7. With regard to disposition of real estate by a Fiduciary, the Fiduciary shall show the date of disposition, the gross sales price or disposition value, plus all adjustments to such price or value incident to the disposition, including costs of sale and applicable real estate and transfer taxes, to permit ready determination, by Parties interested in the account, of how the net sale proceeds received by the Fiduciary were calculated.
8. With regard to gains and losses on disposition of property, the Fiduciary shall provide with regard to each disposition the date of disposition, proceeds of disposition and book value or cost of the disposed property.
9. Interest and penalties paid in connection with late filing of tax returns, late payment of tax liabilities, of any nature, probate citations for late filing or failure to file reports or accountings, shall be shown separately and explained.
10. An extraordinary allocation between principal and income shall be separately stated and explained.
11. If the Fiduciary makes an allocation, such as the computation of a formula marital deduction gift, involving non-probate assets, it shall be explained in detail; provided, however, that the non-probate assets involved in such computation may be stated in summary form.
12. No disbursements for administrative expenses shall be listed as "estimated" or "reserved" without explanation.
D. A Fiduciary account shall include both book value or cost of assets and current values of such assets at the beginning and end of the accounting period.
1. "Book value" (a) for Administrators, shall be the value of the property at the date of death; (b) for trustees, shall be the book value of the prior Fiduciary from whom the property was received; and (c) for guardians and conservators, shall be the value of the property at the date of appointment.
2. "Cost" shall be the consideration given or paid by a Fiduciary with regard to property initially acquired by the Fiduciary.
3. If book values at initial valuation cannot be readily determined, the values used shall reflect a thoughtful decision by the appraiser; and the explanation of the principal factors determining such decision shall be set forth in the account in which such values are first reported.
4. If current values for interim or final accountings cannot be readily determined, the values used shall reflect a good faith judgment by the Fiduciary; and the explanation of the principal factors determining such decision shall be set forth in the account. Such valuation shall be subject to approval of the Court.
5. Book value or cost shall not normally be adjusted for depreciation except upon specific written order of the Court.
6. Book value based on date of death may be adjusted to reflect federal valuation elections or changes on audit of the estate or inheritance tax returns, upon appropriate Motion to the Court.
7. A successor Fiduciary or co-Fiduciary may adjust the book value or cost of assets to reflect values at the start of the administration of, or subsequent receipt of assets by, the successor Fiduciary or co-Fiduciary, upon appropriate Motion to the Court.
8. Assets received in kind by a Fiduciary in satisfaction of a pecuniary legacy shall be carried at the value used for the purposes of such disbursement.
9. Current values for the beginning and closing dates of the accounting period shall be determined by the same methods used to determine book value, or by reference to readily determinable fair market valuing techniques (for example, market values for readily traded securities; principal balance for certificates of deposit, etc.); provided, however, that any variations in valuing method shall be explained.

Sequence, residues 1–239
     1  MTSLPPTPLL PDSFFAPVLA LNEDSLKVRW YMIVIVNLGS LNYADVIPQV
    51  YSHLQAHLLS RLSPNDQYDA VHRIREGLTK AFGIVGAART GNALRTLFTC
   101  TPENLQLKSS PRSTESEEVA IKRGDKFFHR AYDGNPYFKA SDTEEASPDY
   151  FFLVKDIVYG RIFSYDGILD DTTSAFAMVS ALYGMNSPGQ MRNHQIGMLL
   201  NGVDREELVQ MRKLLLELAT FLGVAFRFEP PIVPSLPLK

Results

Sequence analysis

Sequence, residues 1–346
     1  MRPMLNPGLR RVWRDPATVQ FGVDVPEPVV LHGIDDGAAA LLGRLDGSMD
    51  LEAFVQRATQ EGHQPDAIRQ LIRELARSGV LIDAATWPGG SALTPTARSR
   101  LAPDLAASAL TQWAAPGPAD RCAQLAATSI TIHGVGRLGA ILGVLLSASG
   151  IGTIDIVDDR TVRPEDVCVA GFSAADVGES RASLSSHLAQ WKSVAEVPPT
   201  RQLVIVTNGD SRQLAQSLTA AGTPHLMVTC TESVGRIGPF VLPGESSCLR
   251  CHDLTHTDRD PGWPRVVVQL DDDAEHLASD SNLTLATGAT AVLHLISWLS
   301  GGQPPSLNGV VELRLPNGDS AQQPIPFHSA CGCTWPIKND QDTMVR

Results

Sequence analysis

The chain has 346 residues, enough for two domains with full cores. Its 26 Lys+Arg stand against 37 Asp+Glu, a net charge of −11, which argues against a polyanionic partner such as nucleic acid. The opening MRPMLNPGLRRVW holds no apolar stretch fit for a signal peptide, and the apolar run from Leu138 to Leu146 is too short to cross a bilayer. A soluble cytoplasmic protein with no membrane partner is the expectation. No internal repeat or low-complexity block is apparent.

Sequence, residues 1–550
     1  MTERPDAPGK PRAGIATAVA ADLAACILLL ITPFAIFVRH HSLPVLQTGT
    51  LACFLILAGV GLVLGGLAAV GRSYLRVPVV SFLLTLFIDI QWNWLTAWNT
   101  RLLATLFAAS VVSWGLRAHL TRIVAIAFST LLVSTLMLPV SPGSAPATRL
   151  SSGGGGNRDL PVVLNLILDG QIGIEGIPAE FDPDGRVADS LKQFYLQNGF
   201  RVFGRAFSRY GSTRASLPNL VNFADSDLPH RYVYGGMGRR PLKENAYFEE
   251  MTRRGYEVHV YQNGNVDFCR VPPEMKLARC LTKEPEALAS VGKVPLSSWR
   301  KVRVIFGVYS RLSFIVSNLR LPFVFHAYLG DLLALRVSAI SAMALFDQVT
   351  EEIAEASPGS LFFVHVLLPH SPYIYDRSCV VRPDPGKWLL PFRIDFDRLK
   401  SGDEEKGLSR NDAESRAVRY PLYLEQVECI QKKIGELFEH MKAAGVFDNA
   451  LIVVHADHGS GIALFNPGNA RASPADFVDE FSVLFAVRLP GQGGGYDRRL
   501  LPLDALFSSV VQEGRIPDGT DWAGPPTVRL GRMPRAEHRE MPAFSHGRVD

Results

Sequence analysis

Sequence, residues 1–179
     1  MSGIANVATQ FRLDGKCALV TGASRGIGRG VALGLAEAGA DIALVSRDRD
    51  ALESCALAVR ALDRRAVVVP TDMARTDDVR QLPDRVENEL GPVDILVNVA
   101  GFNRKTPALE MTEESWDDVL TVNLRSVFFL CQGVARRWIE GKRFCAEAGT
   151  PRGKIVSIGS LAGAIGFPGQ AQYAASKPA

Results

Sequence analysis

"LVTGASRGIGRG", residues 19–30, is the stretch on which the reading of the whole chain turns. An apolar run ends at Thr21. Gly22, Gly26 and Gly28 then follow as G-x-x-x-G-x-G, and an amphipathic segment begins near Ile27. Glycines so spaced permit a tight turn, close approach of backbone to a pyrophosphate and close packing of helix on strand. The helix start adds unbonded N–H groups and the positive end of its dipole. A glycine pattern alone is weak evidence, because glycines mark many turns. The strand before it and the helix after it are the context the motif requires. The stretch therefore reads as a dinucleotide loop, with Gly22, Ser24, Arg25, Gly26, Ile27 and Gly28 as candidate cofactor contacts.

10. Accounts of the administration of any decedent's estate need not reflect current values of assets at the end of the accounting period.
11. When an asset is held by a trustee, guardian or conservator, under circumstances that make it clear that it is not likely to be disposed of (for example, a residence held for the use of a beneficiary), the Fiduciary may report an estimate of current value; provided, however, that the Fiduciary discloses the use of an estimate and the Fiduciary's basis for the estimate used.
E. The account shall show significant transactions that do not affect the amount for which the Fiduciary is accountable.
1. The schedule listing such transactions shall consist of an information schedule, which shall be set forth at the end of the other schedules required in an account, setting forth each transaction by a separate number.
2. All changes in investments not reflected as gains or losses reported on other schedules of receipts shall be listed. These would include, but not be limited to, stock dividends; stock splits; changes in name; exchanges; or reorganizations.
3. All new investments made within the accounting period, and in hand at the close thereof, shall be noted on the schedules of assets on hand at the close of the accounting period. Totally new investments, and increased or additional investments in the same investment as shown on the schedules of assets on hand at the beginning of the accounting period of the account, shall be separately designated or annotated.
4. With regard to book accounts, notes or installment obligations (whether secured or not), detail regarding collections or payments shall be provided to permit reconciliation of the balances shown on schedules of assets on hand at the beginning and the close of the accounting period.
5. The Fiduciary shall also report on the information schedule the details of any events causing or resulting in a change in the manner, method or course of the Fiduciary's administration. Such events would include, but not be limited to, death of an interim income beneficiary; shifting enjoyment of the income to another beneficiary; death of a remainderman during the course of administering an estate; or a beneficiary reaching a designated age, after which time the beneficiary has a right to mandate partial withdrawals of principal.
Circuit Court Probate Division Rules Table of Contents